Few days after his 88th birthday, Dr Hahnemann contracted bronchial catarrh. He first treated himself and later contacted other doctors. He was aware that his last days are near, he expressed his wish that the inscription on his grave should read Non inutiliz vixi (I have not lived in vain).[3] He breathed his last in Paris on 2nd July 1843 at 5 o'clock in the morning at the age of 88 years. Dr Jahr certified officially the death of Hahnemann next day with Dr Croserio. Madame Melanie ordered Dr Gannal to perform the embalming and requested permission from police to keep embalmed body at home for 14 to 20 days.[1] She made no public announcement of his death and did not disclose about his funeral arrangements nor she invited anyone to attend it.[3] First burial of Dr Hahnemann took place at Cemetry of Montemarte hill, Paris, France on 11th July 1843. This grave was neglected and forgotten for long. Nothing was done to maintain his semi-desolate grave.[1] Later in 1898, his body was ceremoniously exhumed in the presence of high authorities and reburied on 28th May 1898 at Pere Lachaise Cemetry in Paris, France.[3]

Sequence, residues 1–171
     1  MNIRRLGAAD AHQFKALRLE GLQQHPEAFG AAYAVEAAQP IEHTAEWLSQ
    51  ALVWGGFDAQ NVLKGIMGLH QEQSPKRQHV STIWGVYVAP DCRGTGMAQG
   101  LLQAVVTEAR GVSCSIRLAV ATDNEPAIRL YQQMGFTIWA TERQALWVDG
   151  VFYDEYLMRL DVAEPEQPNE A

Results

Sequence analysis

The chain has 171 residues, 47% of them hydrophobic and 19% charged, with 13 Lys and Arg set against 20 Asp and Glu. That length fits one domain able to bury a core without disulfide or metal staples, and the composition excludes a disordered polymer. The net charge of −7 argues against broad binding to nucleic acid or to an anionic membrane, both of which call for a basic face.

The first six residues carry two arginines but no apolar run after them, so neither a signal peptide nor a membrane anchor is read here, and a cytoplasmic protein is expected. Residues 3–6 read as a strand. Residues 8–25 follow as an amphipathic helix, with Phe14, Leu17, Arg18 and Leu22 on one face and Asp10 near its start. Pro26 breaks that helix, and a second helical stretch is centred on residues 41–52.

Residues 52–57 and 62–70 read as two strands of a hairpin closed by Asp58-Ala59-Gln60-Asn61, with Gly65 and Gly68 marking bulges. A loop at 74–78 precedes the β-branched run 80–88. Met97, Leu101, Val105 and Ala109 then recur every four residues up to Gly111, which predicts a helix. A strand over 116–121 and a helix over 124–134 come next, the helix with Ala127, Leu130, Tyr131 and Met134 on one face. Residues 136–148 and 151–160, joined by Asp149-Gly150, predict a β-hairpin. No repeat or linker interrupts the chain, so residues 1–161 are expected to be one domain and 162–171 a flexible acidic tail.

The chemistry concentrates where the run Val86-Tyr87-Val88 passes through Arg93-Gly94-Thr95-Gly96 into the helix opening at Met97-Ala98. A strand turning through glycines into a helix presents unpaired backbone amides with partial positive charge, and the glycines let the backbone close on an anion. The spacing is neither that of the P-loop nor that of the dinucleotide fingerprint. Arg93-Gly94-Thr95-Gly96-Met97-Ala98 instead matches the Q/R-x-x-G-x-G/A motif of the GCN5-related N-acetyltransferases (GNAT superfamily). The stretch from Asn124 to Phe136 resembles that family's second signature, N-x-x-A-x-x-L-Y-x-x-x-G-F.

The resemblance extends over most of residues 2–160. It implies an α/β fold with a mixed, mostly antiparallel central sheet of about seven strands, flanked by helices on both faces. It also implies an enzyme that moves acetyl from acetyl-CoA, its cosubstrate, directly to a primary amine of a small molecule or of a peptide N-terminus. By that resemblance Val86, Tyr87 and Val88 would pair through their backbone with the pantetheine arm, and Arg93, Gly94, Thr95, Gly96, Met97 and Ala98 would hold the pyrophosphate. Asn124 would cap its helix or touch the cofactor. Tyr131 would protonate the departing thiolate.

Dr Hahnemann, the man with great vision, had a foresight of microorganisms or germs. He used the word ‘small animalcules’ and ‘innumerable invisible living being’, thus foreshadowed the development of bacteriology.[2] He was the real linguist, master of eight languages, the scientist with innovations far ahead from his time, the pragmatist with an unfailing ability to grasp the massive importance of the duty of the physician and recognising the minute flaws working toward the better way of practising medicine, the visionary who laid the foundation of materia medica, the revolutionary who revolutionised the practice of medicine of his time and the alchemist who was well acquainted in alchemy.[4] This great benefactor of mankind deserves the appreciation and gratitude, and thus his birthday is celebrated globally as the ‘World Homoeopathy Day’.